Kallas Remarks by Steve Kallas
It wasn’t stunning to see Cornell pull away from a highly touted Temple team in the first round of the NCAA tournament in their 78-65 win. It wasn’t even stunning to see Cornell shoot threes the way Cornell shot threes against Temple – that’s what they do.
What was stunning was the fact that Cornell was made a number 12 seed – all because of one loss. While many people correctly thought that Temple should have been a number four (some even thought three) seed, Cornell was hurt far more in the seeding.
And make no mistake: This was no “shocking upset.” Even the bookmakers knew that, making Temple only a four-point favorite. This was, at most, a minor upset. No matter what you hear from the “experts.”
Cornell cracked the top 25 this year a week or two after almost beating number one Kansas in Kansas. It was inexplicable to this writer that Cornell wasn’t already a top 25 (or even a top 20) team after leading most of that game on the road against Kansas (see Kallas Remarks, 12/23/09 and 1/7/10).
ONE LOSS COST CORNELL EVERYTHING (IN TERMS OF SEEDING)
The NCAA generally frowns upon the Ivy League champ. But this Cornell team, early on, showed that it wasn’t really an “Ivy” team (whatever that means). As everybody now knows, they have Jeff Foote, a seven-footer who can play and who has improved a lot even from earlier this season, never mind from past seasons (becoming an NBA prospect in the minds of some). They have a lights-out shooter in Ryan Wittman (son of NBA player Randy Wittman), who is the Ivy League Player of the Year, Cornell’s all-time leading scorer (and three-point scorer) and also an NBA prospect.
They also have Louis Dale, a solid point guard (21 points, 7 assists v. Temple) who was the Ivy League Player of the Year two years ago as a sophomore. They also have a bunch of other players who can play.
But, after losing to now #1 seed Syracuse early on and Seton Hall when Jeremy Hazell played like JEREMY HAZELL (that is, one of the best scorers in the country), Cornell, at 2-2, ran off 10 wins in a row, including winning the Holiday Festival at Madison Square Garden. After leading Kansas most of the way and losing by five, Cornell ran off another eight in a row.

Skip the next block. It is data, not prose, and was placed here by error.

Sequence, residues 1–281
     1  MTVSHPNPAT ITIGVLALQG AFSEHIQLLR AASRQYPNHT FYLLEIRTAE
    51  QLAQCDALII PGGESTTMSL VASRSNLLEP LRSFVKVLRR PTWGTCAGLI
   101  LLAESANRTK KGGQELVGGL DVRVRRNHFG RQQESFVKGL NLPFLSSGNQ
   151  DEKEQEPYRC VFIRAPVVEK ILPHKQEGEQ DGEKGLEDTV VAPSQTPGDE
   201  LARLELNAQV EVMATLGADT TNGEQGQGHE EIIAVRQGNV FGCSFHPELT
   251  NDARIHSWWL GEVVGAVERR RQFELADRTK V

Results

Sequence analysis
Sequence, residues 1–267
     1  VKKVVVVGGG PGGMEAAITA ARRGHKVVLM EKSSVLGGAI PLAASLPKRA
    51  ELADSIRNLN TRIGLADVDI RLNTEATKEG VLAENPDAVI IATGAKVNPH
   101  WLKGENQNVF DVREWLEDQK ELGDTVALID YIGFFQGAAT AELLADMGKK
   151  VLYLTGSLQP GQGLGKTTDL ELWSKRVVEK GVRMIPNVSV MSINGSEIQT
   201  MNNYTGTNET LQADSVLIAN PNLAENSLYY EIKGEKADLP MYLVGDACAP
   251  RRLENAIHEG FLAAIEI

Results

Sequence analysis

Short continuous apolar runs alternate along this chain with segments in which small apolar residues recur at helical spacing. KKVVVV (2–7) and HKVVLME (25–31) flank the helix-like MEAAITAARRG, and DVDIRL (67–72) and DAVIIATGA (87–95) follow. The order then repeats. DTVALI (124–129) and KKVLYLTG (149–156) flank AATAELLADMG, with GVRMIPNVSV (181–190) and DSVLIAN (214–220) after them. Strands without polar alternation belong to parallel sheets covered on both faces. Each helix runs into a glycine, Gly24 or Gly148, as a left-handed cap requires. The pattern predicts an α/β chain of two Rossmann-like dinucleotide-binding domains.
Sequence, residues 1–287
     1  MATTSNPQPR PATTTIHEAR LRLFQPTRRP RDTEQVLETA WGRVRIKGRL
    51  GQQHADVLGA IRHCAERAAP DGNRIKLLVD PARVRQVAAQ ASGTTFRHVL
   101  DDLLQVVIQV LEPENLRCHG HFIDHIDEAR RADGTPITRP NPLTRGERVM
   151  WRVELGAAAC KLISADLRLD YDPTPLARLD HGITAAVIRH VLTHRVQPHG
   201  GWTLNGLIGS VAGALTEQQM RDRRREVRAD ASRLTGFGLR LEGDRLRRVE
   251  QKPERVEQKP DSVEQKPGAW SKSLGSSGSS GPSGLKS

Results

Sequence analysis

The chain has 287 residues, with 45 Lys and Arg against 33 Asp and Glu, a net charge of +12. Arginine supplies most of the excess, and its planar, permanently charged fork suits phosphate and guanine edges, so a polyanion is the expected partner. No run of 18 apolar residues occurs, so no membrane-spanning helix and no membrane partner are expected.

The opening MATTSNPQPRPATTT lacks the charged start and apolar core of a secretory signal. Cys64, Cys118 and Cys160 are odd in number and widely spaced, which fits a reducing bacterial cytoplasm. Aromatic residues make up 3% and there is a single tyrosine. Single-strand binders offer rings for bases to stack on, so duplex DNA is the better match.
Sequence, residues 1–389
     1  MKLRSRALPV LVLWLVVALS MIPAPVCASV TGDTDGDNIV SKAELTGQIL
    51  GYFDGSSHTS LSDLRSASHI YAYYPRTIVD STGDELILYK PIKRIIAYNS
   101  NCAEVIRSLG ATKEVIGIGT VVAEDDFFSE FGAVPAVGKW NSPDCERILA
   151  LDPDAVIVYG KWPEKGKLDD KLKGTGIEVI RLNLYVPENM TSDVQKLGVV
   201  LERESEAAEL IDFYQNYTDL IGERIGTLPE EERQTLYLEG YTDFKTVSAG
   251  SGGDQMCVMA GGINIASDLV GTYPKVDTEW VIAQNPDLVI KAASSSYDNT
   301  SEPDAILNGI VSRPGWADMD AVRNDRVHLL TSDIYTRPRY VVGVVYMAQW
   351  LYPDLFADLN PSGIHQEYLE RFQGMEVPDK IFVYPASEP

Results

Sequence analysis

And then, inexplicably, at 20-3, they lost to lowly Penn. And virtually every poll voter wrote them off and out of the top 25.
THE PROBLEM WITH IVIES AND POLLS
It was virtually irrelevant that Cornell then ran off another seven consecutive victories since they were all “only” Ivy wins. So they can’t recover from one bad loss, in the eyes of the poll voters (and, apparently, the NCAA selection committee), and never really got any respect from the committee.
Think about it. If Cornell beats Penn, they are 28-3 with losses to two number one seeds. They are probably a top 20 team come tournament-selection time. You know they would never be a five seed (even if they should have been), but they could have been a six or a seven and would have been at least an eight or a nine seed.
SO BOTH TEMPLE AND CORNELL GOT SHAFTED
Temple should have been higher (maybe) and shouldn’t have played a team as tough as Cornell. But, more importantly, Cornell should have been much higher and shouldn’t have played a team as tough as Temple. The Ivy League Champ, in recent years, always seems to get knocked down a peg or four in the seedings.
Maybe the committee will remember this huge mistake next year.
WHERE DOES CORNELL GO FROM HERE?
Well, Wisconsin didn’t look very good just beating Wofford and Cornell looked great beating Temple. But looks can be deceiving in the NCAA tornament. This will be a tough game, but it says here that Cornell’s run continues to at least next weekend.
KENTUCKY WOULD BE THEIR TOUGHEST NUMBER ONE MATCHUP
In addition to being seeded number 12, Cornell also got placed in the worst bracket from a-game-with-a-number-one (if they get that far) perspective. Cornell could beat Kansas on a neutral court (they almost beat them in Kansas and Foote is even better now than he was then). It says here they could beat Duke (the weakest of the ones) and, if they shoot the lights out (which they can), they could beat Syracuse’s 2-3 zone.
But Kentucky has at least three pros and will be Cornell’s toughest matchup with any of the one seeds. But it says here that they can even beat Kentucky, a young team, with a little luck and continued great shooting.
We’ll see what happens.
© Copyright 2010 by Steve Kallas. All rights reserved.